Corel has released a beta version of its WordPerfect Office suite, which it claims reflects a shift in the office productivity arena towards open standards compatibility.
The new WordPerfect Office version supports ODF (Open Document Format) and Microsoft OOXML (Office Open XML) - a capability that spells a strong industry differentiator, said Jason Larock, the company’s director of product management for WordPerfect Office.
“As things open up, things become easier to interoperate, compatibility gets better. It’s a very positive story for the industry in general,” he said.
Corel, a developer of graphics, productivity and digital media software, wants to target consumers and small-to-medium-sized businesses, said Larock, as well as CIOs of enterprise and government who typically have to address issues of long-term use of the business’s IT architecture.
Therefore, he said, the company is adopting a “format-neutral approach in terms of our vendor support, whatever will make it easier for a customer to adopt and have a long life and be able to extend their architecture is where we're coming from.”
With the release, Corel intends to continue serving its customers in the government and legal sectors by offering them those compatibility choices, he added.
Given the large degree of interest that the public sector has for OOXML, it’s a natural target market for Corel, said Rob Enderle, principal analyst with research firm The Enderle Group. Furthermore, the move makes sense given the company has “always positioned itself as the product that has the strongest cross-compatibility between what Microsoft uses and other things,” he said.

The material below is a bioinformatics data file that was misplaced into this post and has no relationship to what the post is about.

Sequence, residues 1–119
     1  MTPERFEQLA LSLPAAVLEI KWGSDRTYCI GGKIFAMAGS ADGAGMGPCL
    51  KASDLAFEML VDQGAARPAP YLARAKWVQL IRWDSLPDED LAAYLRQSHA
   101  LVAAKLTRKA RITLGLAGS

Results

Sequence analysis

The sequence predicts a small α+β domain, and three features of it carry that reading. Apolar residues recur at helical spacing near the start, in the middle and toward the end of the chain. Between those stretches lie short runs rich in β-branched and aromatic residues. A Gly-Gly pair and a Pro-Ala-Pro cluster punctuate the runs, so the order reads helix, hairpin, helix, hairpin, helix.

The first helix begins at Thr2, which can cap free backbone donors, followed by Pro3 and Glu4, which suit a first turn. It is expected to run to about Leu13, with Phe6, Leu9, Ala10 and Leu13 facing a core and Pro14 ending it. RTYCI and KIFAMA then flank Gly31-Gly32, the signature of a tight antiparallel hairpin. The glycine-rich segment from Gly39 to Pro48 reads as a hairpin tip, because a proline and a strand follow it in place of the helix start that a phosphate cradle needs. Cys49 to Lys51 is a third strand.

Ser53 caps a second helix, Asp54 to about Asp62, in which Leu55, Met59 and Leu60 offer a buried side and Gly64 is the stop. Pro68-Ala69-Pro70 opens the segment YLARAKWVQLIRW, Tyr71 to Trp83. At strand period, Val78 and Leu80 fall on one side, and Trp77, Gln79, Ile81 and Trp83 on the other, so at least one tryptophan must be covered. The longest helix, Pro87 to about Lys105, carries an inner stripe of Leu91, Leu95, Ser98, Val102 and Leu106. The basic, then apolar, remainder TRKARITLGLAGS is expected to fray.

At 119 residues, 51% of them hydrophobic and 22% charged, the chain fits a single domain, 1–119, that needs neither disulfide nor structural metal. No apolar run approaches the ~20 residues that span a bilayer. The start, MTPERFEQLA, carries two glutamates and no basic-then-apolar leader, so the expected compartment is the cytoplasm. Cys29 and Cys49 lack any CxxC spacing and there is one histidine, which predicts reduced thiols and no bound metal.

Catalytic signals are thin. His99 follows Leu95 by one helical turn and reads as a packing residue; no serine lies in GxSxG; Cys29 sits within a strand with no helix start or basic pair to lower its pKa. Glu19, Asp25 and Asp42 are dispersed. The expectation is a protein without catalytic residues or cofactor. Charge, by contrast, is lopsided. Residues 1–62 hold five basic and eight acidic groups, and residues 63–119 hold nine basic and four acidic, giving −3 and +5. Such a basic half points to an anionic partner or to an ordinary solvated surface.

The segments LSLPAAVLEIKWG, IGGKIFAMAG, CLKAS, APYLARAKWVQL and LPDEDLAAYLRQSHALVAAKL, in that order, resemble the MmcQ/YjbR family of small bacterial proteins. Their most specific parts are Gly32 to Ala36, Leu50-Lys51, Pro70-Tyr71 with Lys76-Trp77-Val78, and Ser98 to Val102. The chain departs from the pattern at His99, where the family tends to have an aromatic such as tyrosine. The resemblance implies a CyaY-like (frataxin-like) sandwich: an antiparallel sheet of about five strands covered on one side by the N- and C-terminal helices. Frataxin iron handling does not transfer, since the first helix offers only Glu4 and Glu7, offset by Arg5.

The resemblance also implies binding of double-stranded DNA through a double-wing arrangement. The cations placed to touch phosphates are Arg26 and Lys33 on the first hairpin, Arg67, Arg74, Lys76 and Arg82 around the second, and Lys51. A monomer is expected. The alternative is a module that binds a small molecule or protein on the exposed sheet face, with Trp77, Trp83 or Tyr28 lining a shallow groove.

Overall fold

Having open format support alone, however, won't be enough for Corel WordPerfect to break into the enterprise arena, besides strengthening the presence it already has in the legal department, Enderle said. "As far as I can tell, the corporate market is not all that interested in OOXML right now," he said, adding that corporations are generally interested in continuing to use what they're already using.
In fact, Corel's beta release is probably a reflection of IBM’s launch of its OpenOffice Symphony software, said Enderle.
IBM is a “power broker in some of [Corel's] target markets, particularly in government, with what appears to be a viable offering, puts both Microsoft and Corel at a little bit of risk. I think what Corel is doing is making sure they can defend their turf.”
Enderle added that Corel's beta release might actually be enough to hold down the fort if they provide their customers with what they're looking for in the product they're already using.
According to Corel’s Greg Wood, senior communications manager for office productivity, its offering “remains a leading alternative to Microsoft Office.”
“But more importantly, as things become more open and as open formats do...open up the market to better compatibility and more choice, that will further enable Corel to get its product to market,” he added.